Gunwallace - http://www.virtuallycomics.com
Tantz Aerine - https://www.theduckwebcomics.com/user/Tantz_Aerine/
Ozoneocean - https://www.theduckwebcomics.com/user/ozoneocean
Banes - https://www.theduckwebcomics.com/user/Banes/
kawaiidaigakusei - https://www.theduckwebcomics.com/user/kawaiidaigakusei/

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Episode 475 - Tropeagedden! overuse of fashionable tropes...

Apr 20, 2020

4 likes, 3 comments

Certain tropes or stylistic ways of telling a story can get really, really popular and trendy very quickly and it seems like they're everywhere! Suddenly many story are all told with the same sort of stylistic flourishes. The first few times it's done that way it's clever and meaningful but after that people just use the same thing without understanding it properly and consequently usually do a really crappy job!

Episode 440 - Character tropes VS characterisation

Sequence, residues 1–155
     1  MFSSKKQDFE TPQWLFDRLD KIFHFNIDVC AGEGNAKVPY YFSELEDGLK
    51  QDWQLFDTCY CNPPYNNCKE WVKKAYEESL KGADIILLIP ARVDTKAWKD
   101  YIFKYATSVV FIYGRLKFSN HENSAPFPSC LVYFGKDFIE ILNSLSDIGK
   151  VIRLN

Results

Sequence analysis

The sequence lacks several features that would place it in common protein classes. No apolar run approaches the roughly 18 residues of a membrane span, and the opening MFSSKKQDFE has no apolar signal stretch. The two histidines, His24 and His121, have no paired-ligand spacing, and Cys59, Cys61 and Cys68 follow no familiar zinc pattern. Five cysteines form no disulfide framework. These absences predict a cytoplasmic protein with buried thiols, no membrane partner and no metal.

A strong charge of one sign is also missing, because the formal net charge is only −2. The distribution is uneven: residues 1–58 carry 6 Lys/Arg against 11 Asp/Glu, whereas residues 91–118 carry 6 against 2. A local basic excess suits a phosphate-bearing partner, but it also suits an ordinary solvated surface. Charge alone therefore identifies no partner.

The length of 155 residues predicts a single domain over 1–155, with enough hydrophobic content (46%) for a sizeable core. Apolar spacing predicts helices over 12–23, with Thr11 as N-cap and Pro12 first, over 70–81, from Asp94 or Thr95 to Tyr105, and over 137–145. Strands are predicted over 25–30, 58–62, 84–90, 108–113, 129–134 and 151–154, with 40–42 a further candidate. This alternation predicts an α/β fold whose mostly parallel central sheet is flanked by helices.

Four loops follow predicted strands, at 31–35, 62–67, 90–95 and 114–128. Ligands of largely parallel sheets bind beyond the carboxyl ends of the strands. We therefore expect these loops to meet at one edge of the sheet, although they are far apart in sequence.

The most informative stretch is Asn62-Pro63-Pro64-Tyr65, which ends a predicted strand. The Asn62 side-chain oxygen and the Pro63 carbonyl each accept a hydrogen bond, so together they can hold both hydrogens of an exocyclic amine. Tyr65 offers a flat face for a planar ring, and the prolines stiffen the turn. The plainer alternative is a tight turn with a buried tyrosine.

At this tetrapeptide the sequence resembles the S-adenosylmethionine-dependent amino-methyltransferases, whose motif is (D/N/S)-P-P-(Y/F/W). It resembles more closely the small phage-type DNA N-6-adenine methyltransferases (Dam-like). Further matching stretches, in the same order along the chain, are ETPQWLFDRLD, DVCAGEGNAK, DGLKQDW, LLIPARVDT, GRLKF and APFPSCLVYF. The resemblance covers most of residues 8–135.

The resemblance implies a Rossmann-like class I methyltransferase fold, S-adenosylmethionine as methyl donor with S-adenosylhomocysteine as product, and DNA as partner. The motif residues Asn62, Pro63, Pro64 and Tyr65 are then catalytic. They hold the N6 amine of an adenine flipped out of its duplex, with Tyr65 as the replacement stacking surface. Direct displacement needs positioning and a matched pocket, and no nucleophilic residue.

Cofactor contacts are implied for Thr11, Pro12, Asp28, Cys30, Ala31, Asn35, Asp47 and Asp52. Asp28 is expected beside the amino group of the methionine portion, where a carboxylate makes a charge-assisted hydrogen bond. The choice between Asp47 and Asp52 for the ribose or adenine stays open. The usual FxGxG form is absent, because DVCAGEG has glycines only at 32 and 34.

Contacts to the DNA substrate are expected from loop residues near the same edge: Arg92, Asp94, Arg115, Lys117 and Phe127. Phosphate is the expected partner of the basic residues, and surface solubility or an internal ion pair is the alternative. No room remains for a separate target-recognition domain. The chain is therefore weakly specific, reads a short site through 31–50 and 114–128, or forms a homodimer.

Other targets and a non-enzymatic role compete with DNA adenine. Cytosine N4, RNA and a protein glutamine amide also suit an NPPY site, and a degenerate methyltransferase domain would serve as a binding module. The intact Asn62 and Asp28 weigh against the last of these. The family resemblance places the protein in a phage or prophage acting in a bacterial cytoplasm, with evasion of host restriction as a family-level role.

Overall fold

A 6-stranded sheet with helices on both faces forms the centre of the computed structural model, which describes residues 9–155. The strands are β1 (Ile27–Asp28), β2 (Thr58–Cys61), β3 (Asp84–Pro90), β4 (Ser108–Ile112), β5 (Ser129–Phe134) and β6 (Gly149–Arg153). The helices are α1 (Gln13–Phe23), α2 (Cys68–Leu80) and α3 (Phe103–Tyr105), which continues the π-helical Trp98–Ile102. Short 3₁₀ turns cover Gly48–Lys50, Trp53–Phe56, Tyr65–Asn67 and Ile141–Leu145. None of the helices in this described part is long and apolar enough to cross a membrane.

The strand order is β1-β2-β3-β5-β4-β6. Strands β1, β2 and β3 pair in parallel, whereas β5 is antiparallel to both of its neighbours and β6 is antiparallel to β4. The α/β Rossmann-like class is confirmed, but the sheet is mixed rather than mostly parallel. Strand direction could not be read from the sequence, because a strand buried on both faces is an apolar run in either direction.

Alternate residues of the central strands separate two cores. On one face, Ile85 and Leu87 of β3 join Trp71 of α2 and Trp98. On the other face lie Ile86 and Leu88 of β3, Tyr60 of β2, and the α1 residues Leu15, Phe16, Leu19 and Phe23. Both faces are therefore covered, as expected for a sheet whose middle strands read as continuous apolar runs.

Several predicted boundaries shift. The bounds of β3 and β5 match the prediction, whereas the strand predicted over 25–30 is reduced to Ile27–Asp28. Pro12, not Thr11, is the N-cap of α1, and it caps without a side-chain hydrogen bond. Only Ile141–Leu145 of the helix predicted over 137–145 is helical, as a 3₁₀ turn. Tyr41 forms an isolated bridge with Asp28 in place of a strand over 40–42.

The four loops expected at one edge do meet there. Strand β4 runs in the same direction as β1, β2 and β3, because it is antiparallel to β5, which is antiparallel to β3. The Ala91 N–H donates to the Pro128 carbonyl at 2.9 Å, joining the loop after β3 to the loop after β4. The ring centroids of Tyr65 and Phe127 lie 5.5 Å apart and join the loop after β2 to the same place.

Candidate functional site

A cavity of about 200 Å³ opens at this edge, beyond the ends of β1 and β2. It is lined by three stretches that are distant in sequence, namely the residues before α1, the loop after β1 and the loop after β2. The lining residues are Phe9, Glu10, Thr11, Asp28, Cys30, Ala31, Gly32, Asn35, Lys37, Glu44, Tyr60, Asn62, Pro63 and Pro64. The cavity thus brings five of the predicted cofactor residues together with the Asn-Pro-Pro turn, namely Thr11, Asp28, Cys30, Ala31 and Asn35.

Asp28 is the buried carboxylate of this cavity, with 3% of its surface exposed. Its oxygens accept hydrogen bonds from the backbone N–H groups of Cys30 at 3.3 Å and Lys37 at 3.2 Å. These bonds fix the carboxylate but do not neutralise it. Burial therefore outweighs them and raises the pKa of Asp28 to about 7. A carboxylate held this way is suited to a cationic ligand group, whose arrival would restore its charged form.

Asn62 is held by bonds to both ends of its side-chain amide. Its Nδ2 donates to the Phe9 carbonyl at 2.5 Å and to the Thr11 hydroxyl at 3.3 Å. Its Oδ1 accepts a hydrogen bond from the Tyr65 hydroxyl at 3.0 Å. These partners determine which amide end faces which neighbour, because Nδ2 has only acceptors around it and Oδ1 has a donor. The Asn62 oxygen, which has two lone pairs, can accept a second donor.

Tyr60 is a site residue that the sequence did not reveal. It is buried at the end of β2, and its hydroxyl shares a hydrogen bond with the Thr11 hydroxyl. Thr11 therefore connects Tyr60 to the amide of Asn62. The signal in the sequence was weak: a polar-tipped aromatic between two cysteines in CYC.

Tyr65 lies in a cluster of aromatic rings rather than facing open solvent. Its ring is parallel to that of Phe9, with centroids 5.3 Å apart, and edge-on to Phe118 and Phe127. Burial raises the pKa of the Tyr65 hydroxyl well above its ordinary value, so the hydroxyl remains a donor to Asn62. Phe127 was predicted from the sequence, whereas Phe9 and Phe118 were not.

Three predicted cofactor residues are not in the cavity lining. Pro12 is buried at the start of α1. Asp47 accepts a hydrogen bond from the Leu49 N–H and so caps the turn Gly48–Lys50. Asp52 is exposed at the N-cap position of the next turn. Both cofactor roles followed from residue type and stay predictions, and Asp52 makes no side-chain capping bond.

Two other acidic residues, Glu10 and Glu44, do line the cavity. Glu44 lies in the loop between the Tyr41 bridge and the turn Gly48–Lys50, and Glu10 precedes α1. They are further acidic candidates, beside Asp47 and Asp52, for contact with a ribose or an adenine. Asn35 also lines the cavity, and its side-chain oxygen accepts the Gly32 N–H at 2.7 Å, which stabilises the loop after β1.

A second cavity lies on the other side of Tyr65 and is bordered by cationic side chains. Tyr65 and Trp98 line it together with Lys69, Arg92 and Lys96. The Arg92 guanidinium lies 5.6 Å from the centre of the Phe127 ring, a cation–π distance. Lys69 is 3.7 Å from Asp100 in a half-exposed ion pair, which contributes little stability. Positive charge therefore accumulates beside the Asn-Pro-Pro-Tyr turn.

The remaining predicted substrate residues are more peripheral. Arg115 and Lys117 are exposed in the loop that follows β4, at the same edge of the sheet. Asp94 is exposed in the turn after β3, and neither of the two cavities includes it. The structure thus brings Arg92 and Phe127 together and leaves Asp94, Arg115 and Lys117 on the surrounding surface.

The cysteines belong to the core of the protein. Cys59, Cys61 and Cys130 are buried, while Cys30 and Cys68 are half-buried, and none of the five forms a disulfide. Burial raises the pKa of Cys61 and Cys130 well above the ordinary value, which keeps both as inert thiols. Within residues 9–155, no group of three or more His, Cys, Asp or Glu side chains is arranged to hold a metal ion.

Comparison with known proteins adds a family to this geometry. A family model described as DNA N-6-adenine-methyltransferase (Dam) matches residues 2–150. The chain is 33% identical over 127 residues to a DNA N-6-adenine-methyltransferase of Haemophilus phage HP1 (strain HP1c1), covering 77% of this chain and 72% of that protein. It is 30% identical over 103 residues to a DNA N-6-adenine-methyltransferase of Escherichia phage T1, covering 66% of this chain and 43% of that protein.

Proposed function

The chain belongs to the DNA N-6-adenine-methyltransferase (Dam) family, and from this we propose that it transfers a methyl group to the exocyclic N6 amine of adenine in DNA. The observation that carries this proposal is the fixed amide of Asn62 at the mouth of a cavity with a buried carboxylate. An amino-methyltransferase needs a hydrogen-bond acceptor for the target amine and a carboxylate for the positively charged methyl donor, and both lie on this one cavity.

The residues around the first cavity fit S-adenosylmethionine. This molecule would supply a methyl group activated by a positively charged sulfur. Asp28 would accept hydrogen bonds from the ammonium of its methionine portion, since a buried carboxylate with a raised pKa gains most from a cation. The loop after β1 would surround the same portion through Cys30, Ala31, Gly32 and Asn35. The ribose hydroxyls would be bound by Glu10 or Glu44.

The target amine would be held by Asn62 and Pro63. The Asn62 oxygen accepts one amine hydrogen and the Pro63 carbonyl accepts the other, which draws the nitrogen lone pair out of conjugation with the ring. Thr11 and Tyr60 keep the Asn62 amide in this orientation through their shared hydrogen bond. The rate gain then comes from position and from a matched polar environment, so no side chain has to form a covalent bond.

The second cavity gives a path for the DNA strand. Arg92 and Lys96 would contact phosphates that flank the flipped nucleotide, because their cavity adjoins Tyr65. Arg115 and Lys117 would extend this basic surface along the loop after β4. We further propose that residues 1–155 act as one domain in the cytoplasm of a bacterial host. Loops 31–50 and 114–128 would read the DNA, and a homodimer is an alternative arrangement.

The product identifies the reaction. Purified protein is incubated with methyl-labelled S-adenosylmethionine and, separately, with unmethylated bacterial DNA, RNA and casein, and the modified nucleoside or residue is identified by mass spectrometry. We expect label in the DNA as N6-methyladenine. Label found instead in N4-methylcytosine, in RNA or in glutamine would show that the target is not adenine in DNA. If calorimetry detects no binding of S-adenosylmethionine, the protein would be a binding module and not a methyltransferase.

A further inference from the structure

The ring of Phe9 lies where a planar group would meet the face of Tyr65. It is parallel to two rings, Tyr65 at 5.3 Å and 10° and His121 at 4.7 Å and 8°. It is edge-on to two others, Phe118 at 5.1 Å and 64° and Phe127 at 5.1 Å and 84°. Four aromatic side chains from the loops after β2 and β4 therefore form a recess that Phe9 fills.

Aug 19, 2019

3 likes, 0 comments

Today we compare and contrast two ways of making characters: starting with a pure archetype and building it with tropes, or creating a character organically through circumstance and interaction with other characters.

Episode 379 - Troptastic

Jun 18, 2018

5 likes, 1 comment

ALL the tropes!!!! Based on Emma Clare's newspost, tropes are damn useful but they can also be your undoing if you handle them badly. Tropes are shortcuts to meanings, scenes, procedures or jokes that take too long to set up in their own right. You can use them like prefabricated parts to build your story, Lego if you will. You really should know how to use them correctly though. If it's for jokes, then work on them and expand on them, if it's for more serious stuff then you should know WHERE those tropes come from so you use them correctly. We chat about tropes, boob-slips, Doki Doki, Baka and Test, Kung Fury, Satan Ninja 198X, and Vaporwave among other things. Gunwallace gave us a lovely theme to Yasu no Monogatari this week: Floating out on a blue river of dreams into an echoing crystal cave illuminated by thousands of refracted glittering lights, traveling on your way further underground, deeper and deeper to more exciting and mysterious sites.

Quackcast 239 - Draw your world, community edition

Oct 5, 2015

3 likes, 4 comments